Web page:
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by Crystal Downing
God Savor The Queen
The horrific death of Lady Di in 1997 fueled lurid speculation about monarchical jealousy and murderous conspiracy, turning the glamorous princess into a near martyr. As a result, her ethical commitments have continued to generate far more media attention than the sacrificial service of Mother Teresa, who died several days later.
Using archival footage of the hagiographic media storm over Diana's death, the 2006 film The Queen brilliantly reconstitutes the ethical issues surrounding the event. Rather than delivering a Hollywood cliché—the tragic demise of a beautiful woman with a heart of gold—The Queen focuses on a frigid and frumpy middle aged monarch to present an issue relevant to most religious traditions today: the ethics of tradition itself. Like church leaders who struggle to negotiate when to keep traditional doctrines and practices of the faith untouched and when to change them for contemporary relevance, the film's Queen Elizabeth must determine how to maintain monarchical tradition in light of the furor over Diana's unorthodox death.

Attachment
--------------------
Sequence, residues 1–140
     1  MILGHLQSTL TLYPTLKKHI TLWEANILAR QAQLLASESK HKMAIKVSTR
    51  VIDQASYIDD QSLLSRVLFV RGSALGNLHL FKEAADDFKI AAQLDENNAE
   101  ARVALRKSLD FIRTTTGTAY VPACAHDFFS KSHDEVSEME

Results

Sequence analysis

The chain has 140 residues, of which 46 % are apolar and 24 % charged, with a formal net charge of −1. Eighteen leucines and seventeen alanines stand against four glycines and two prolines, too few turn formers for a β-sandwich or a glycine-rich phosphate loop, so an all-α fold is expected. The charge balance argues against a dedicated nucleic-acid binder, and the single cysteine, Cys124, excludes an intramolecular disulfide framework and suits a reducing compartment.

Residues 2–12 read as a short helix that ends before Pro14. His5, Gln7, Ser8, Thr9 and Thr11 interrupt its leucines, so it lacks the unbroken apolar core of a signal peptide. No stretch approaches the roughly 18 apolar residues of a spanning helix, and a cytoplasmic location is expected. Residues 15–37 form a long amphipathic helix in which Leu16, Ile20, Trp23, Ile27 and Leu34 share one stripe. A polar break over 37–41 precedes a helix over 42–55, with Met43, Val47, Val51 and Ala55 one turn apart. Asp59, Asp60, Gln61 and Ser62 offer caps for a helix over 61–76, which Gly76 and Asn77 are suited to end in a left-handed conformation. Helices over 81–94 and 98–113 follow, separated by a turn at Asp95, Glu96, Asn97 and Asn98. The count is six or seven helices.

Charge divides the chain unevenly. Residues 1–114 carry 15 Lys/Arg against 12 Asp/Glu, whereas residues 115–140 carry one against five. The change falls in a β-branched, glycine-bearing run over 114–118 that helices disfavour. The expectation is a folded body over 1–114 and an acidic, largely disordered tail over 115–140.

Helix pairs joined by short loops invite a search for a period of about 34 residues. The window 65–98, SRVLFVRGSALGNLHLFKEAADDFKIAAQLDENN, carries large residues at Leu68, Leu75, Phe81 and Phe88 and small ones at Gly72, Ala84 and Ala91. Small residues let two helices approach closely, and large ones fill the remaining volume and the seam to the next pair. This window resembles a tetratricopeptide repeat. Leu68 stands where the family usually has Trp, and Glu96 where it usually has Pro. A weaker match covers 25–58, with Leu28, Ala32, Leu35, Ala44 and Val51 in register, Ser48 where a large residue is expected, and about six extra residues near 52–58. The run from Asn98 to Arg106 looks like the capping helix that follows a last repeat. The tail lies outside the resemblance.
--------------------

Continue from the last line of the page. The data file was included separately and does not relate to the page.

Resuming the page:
The film begins with televised reports about the 1997 campaign of Tony Blair for Prime Minister, celebrated as the Labour Party candidate who overturned, in a landslide election, the 18-year hegemony of British Conservatives. After a montage of quick takes showing Blair energetically walking to the polls with his family and waving to his shouting fans, the film cuts to a contrasting image of stasis: Queen Elizabeth, standing stock still in traditional monarchical robes as an artist paints her portrait. When she stiffly asks him whether he made it to the polls, the white-haired painter reports that he voted, but not for Blair: "We are in danger of losing too much about this country as it is." The queen responds with a satisfied smirk, "You are not a modernizer," a term applied to Blair multiple times during the film. Thus, before the credits are even over, we have had symbolized for us the central agon of the ...